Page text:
The Gaza War vs. Arab-Israeli Relations

The Gaza War vs. Arab-Israeli Relations
The Gaza War vs. Arab-Israeli Relations

Saudi Arabia’s ‘de facto ruler’ and Crown Prince Mohammed bin Salman (MBS) told Fox News in the last week of September in his first English-language interview, ‘The world cannot afford to see another Hiroshima. If a million people die; That means you are at war with the rest of the world.’ Now the target of genocide is Gaza, the ‘other Hiroshima’.

Israel’s invasion of Gaza has been going on for months. As a result, over 40,000 people were killed in this densely populated valley. US-backed Israeli forces have dropped more than 25,000 tons of explosives, the equivalent of two nuclear bombs, on Gaza since October 7. The Geneva-based non-governmental organization Euro-Med said in a November 2 press release, “The explosives dropped in Gaza are more destructive than the bombs dropped on Hiroshima.” Of note, Mohammed bin Salman’s interview on Fox News aired just two weeks before the October 7 Palestinian resistance ‘al-Aqsa Flood’ operation. Interestingly, the Prince’s speech was not aimed at Israel; Iran. He said in response to a question about the dangers of Iran’s nuclear bomb program.

Now it is clear – not only Saudi Arabia, but also five other Arab countries, Egypt, Jordan, United Arab Emirates, Bahrain and Morocco, already have peace agreements with Israel. They are not even talking about renegotiating these agreements, despite public pressure against Israel’s ongoing genocide in Gaza. However, when Bahrain suspended economic ties with Israel and withdrew the Bahraini ambassador from Tel Aviv, some lawmakers called for the normalization deal to be scrapped as well, according to reports.

Countries in the Arab world that have signed ‘peace agreements’ with the occupying state of Israel have long touted the agreement as a means of security, prosperity and regional stability for their citizens. Mohammed bin Salman himself mentioned it. A potential Saudi-Israel deal brokered by the Biden administration would be a historic milestone, he told Fox News. This would be a major achievement since the end of the Cold War in 1991.

US President Joe Biden, a defender of Israel, believes that one of the goals of the Hamas attack was to disrupt Israel’s normalization talks with Saudi Arabia. US Secretary of State Anthony Blinken said directly in his assessment that one of the motives behind the Hamas attack was to disrupt efforts to bring Saudi Arabia and Israel closer together.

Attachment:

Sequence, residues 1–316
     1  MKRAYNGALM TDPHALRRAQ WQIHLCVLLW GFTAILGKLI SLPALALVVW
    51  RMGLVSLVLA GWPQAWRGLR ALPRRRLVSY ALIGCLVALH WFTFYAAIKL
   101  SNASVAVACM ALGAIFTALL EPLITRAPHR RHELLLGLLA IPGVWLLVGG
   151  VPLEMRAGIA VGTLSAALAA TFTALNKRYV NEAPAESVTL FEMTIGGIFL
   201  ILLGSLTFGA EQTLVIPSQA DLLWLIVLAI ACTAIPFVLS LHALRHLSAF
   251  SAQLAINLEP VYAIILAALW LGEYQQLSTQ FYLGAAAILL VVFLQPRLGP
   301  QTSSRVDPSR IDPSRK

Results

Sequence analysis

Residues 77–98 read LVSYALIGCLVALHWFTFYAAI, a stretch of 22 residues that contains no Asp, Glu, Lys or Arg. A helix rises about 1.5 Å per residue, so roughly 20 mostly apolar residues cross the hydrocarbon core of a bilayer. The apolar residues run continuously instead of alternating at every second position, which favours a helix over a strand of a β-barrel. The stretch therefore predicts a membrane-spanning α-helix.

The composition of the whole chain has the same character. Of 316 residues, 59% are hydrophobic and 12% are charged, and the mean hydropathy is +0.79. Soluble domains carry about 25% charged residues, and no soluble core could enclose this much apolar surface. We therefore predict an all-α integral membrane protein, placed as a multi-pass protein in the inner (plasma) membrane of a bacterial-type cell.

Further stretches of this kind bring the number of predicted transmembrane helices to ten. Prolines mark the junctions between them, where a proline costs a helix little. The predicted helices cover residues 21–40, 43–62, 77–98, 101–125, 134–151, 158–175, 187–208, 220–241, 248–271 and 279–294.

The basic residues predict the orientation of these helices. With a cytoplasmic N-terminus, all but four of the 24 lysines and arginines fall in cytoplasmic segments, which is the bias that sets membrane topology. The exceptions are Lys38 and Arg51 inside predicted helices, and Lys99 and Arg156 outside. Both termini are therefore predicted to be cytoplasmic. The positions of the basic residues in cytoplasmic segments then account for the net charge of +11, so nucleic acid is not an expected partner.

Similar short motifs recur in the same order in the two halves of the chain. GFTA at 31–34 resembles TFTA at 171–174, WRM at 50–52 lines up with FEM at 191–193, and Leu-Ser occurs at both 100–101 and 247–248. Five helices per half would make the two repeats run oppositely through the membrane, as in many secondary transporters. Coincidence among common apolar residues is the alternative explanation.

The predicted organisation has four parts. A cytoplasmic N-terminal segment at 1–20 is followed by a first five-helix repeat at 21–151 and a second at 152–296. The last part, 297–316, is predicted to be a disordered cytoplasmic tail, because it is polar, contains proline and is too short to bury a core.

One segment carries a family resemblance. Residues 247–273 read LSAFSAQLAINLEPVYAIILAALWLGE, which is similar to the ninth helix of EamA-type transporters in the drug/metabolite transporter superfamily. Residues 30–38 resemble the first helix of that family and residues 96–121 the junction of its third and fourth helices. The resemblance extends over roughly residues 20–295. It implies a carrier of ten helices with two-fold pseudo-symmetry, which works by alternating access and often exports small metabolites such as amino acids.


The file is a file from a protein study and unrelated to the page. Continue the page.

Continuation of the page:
However, the official position of Saudi Arabia has not been announced by Mohammed bin Salman or his Ministry of Foreign Affairs. However, in light of information leaked by ‘reliable sources’ and ‘a source in the Saudi government’, reports published by Reuters on October 13 and AFP the following day said that Saudi Arabia has decided to suspend normalization talks and that US officials have been contacted for that purpose.

Apparently, Israel is somewhat worried about this unspoken threat. Saudi Arabia has strongly condemned the targeting of civilians after initially calling for an end to attacks and the protection of civilians. But Saudi Arabia is using cautious words to appease Washington even as Israel directs massacres in Gaza. Since Saudi Arabia has not yet signed an agreement to normalize relations with Israel, it has no diplomatic obligations with Tel Aviv. But surprisingly, Saudi Arabia’s reluctance to use its political power and oil influence to push for a ceasefire in Gaza is palpable. The proof of which is that Saudi Arabia has delayed until October 30 the announcement of the ‘urgent’ Arab summit scheduled for November 11 in Riyadh. This may indicate that Saudi Arabia is further along the road to normalization with Israel than we know.

It is also clear that the Arab countries do not want to withdraw from the normalization agreement with Israel. It is not a peace treaty to end war; They have agreements with Israel covering a range of issues including diplomacy, military cooperation, security, finance and trade.

The normalization of relations after the events of October 7 depends on the Israeli coalition. Arabs, like the US and Israelis, see the Gaza incident as a threat to Israel. Their goal is to destroy the resistance in Gaza in order to eliminate this threat. If their bet on Tel Aviv succeeds, they could set aside the complicated Palestinian issue and pave the way for a new regional order.

As Gaza burns, the US-Israeli alliance and Arab normalization countries contemplate territorial realignment. But the big question and obstacle in their way is whether Israel can win. Because defeating potential resistance forces in Gaza and West Asia will not be so easy for Israel.

Khalil Harb: Lebanese journalist; Abridged translation from The Cradle by Mahfuzur Rahman Manik

The article is in Bengali

Tags: Gaza War ArabIsraeli Relations


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